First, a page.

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The Connemara is the only native pony to our shores. It comes from Connaught, on the west coast of Ireland, and until recent years it lived in a wild state under very hard conditions. It is a pony of wonderful strength and health and able to endure a good deal. The breed is also gentle and intelligent. The Connemara is used as general riding ponies for adults and children and as jumpers and show ponies. Docile, hardy, and surefooted, they have compact bodies and range from 13.2 to 15 hands (about 54 to 60 inches, or 137 to 152cm) tall.
Connemara ponies have always been an important part of my life. With growing up on a farm, ponies and horses were integral to farm life and farm practices. Whether it was working in the fields or the weekly trip to town for supplies, the pony was an essential part of the farm set-up. It was from these circumstances that I have sustained a keen interest in the Connemara breed throughout my life. What I most enjoy about Connemara ponies is breeding progeny in an effort to achieve successful results.
I purchased my first Connemara pony in 1962, this being a yearling colt. At that time I paid £75 for him and sold him two months later for £50. The deficit was a lot of money to loose in those days. Lets say it was a valuable lesson learnt. My first successful purchase was shortly after that, this being a colt foal for £22. Some three years later the colt was sold to Germany for £500, this coming on the back on being showed and successfully placed in the world famous Cliften Connemara pony show.
Probably the most successful pony I ever had was a mare called Gloves Misty. This mare won the championship at Cliften show on three occasions and was reserve champion a further two times. She was also a supreme champion on her sole appearance at the R.D.S. show in Dublin. I sold a foal out of Gloves Misty to Bobby Bolger and a subsequent daughter of hers won the Cliften championship twice. I also sold two ponies to the United States and their progeny are proving very popular and successful out there. In the early 1990s Gloves Misty had a colt foal by Abbeyleix Fionn, who later was passed as a registered stallion by the name of Canal Misty Fionn. Currently this stallion is in France, and is a proven performer out there in the show jumping circuit. He currently stands in the French National Stud.
One of the other most memorable ponies I have bred here was a stallion by the name of Poetic Justice. This colt was yet again out of the mare, Gloves Misty and by a stallion called Ballydonagh Cassanova. This stallion at present is one of the top show jumpers in Sweden. Poetic Justice is at present producing some very talented offspring. One of his daughters, called Poetic Girl, competed in the European Championships.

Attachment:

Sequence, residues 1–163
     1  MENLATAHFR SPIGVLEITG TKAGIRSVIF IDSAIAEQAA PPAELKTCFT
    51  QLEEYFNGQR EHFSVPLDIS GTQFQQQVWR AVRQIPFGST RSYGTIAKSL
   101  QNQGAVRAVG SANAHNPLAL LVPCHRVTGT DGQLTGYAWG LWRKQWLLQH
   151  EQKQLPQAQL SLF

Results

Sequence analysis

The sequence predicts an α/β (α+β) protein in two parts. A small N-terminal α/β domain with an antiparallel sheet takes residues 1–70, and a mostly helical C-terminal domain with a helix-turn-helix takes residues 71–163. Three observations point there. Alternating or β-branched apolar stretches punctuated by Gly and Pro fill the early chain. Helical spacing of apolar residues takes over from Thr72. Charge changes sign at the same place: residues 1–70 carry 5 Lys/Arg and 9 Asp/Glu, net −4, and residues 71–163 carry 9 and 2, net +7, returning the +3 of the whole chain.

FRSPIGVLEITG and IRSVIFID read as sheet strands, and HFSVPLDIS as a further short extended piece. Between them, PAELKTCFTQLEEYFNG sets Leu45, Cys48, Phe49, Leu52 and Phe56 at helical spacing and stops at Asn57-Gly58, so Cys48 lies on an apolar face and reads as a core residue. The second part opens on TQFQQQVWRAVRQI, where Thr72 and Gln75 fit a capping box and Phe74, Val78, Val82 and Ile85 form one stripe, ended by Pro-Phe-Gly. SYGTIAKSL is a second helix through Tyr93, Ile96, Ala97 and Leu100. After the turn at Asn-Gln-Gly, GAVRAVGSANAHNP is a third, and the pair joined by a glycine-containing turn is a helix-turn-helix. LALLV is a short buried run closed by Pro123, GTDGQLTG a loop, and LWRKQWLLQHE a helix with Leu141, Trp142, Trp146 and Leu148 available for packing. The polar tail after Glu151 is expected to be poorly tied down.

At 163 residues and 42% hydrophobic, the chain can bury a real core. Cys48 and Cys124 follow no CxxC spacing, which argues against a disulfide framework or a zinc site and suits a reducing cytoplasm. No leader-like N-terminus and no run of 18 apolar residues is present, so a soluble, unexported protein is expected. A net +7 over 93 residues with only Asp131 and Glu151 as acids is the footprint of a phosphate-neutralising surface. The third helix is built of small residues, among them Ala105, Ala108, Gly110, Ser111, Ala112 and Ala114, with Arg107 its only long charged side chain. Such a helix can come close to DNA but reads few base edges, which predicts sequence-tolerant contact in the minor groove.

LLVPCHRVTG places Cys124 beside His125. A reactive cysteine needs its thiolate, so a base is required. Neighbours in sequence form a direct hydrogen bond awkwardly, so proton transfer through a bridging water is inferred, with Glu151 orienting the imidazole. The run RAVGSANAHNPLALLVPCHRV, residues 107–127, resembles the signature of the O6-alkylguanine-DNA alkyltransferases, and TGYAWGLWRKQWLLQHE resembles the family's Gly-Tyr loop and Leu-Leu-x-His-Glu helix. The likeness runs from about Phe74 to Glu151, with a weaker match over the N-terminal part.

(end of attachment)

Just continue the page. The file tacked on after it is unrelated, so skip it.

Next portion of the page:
Of our current stock at home at present, one of the most promising is a mare I bred myself called Gloves Dawn Mist. As a three year old she was placed second in a prestigious loose lunging competition. This year she was placed first in her class at the Galway County Show. On a recent holiday to the United Kingdom, we attended the British Connemara Pony Society show, at Moreton Morrell, near Warwick. This proved to be a very enjoyable day, to see Connemara ponies in a different environment, and also to meet up with friends from home and abroad who attended the show. Whilst on our travels last summer, we saw a colt foal I bred out of Gloves Misty, who was standing in Wales.
Now a stallion, called Bin Ban, I learnt from the current owners that he is doing very well and is producing some very useful bloodstock.
Each summer I thoroughly enjoy the show circuit each Sunday, which takes us around the county and country, to enjoy and take pride from Connemara ponies in showing and performance classes. The Athenry Agricultural show is always a date in the calendar I looked forward to. It is always a pleasure competing at our local show, where is a meeting point of old (and new) friends and acquaintances. From my recollection, I have attended the show for over forty years, and hope to attend many more to come in future.
The Connemara Pony is very special to me, and with the various contacts around Ireland and even globally I have made, it makes the hard work, interest and enthusiasm in the native breed, all the more special and worth while.
Eddie Madden, Athenry Journal, Christmas Edition 2004
Written by Eddie Madden
Published here 08 Feb 2021 and originally published 2004
The Athenry Journal
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